It’s well known that when demand for certain workers rises, wages for those workers most in demand also tend to rise. Clearly, the demand for residential construction labor is incredibly high these days. With U.S. wages growing at a 5 percent annual pace, residential construction worker’s wage growth is almost double the 2.9 percent pace of wage growth for all other workers.
According to data from the U.S. Bureau of Labor Statistics, wages for all private-sector workers have been steadily increasing since the start of last year, rising between 2.6 percent and 2.9 percent year-over-year. At the start of 2017, wages for construction-industry workers were growing slightly slower than wages for other workers – around 2.5 percent. As of March 2018, they are now growing at 3.8 percent per year. The shift is even more pronounced for residential construction workers. Their wages were growing around 2.4 percent per year at the start of last year, but are now growing at a 5 percent annual pace.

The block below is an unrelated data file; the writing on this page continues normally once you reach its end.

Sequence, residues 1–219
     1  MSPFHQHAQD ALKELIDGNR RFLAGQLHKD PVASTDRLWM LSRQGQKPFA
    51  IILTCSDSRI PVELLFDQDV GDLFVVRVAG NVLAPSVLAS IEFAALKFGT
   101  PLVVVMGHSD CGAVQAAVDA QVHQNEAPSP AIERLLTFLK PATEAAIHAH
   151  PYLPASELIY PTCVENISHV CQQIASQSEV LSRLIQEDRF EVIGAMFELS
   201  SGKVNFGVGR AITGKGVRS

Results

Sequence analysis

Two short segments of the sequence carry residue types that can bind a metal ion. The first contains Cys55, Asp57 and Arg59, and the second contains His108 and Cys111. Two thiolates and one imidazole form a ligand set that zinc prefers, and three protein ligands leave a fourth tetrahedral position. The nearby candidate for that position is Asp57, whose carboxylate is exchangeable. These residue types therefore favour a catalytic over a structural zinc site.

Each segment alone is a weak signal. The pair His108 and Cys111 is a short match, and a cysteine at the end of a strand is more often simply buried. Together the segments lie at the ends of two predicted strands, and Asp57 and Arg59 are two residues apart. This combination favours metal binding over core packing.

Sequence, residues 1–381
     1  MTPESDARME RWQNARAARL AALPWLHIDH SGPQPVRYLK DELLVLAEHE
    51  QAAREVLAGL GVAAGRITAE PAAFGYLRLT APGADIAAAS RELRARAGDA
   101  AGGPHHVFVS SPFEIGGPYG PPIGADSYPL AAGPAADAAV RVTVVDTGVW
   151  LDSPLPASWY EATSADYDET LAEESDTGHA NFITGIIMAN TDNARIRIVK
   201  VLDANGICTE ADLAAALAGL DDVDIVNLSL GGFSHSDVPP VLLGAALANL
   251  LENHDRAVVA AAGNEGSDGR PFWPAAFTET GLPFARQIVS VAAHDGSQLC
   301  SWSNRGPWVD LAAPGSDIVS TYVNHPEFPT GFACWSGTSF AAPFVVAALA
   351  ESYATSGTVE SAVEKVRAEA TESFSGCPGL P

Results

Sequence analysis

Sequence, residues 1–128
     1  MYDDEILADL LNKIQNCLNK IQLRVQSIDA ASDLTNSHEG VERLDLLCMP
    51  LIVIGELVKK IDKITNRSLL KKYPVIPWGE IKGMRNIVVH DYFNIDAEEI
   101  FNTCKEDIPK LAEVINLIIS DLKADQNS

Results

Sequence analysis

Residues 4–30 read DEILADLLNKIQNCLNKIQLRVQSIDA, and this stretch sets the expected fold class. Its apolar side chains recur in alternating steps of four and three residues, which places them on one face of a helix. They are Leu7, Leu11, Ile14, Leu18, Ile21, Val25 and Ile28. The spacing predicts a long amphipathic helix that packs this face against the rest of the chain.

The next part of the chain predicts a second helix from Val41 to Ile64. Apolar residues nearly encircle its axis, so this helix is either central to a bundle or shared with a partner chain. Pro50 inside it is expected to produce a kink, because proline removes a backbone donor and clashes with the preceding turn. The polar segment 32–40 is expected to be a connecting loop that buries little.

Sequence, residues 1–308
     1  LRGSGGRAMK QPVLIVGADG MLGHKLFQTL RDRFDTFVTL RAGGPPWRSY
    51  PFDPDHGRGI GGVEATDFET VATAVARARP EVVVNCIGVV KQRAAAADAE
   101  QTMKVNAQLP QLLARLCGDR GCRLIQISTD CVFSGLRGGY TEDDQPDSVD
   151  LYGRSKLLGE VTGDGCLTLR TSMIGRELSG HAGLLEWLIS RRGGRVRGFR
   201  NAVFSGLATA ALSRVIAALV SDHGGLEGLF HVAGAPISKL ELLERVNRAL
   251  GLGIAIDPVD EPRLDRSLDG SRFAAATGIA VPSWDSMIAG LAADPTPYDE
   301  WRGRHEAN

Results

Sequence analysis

If construction activity was surging as well, it would make sense that wages would be rising as well. But, instead the sharp rise in wages and the slower growth in housing starts are a sign that the labor shortage is hampering home builders ability to ramp up construction.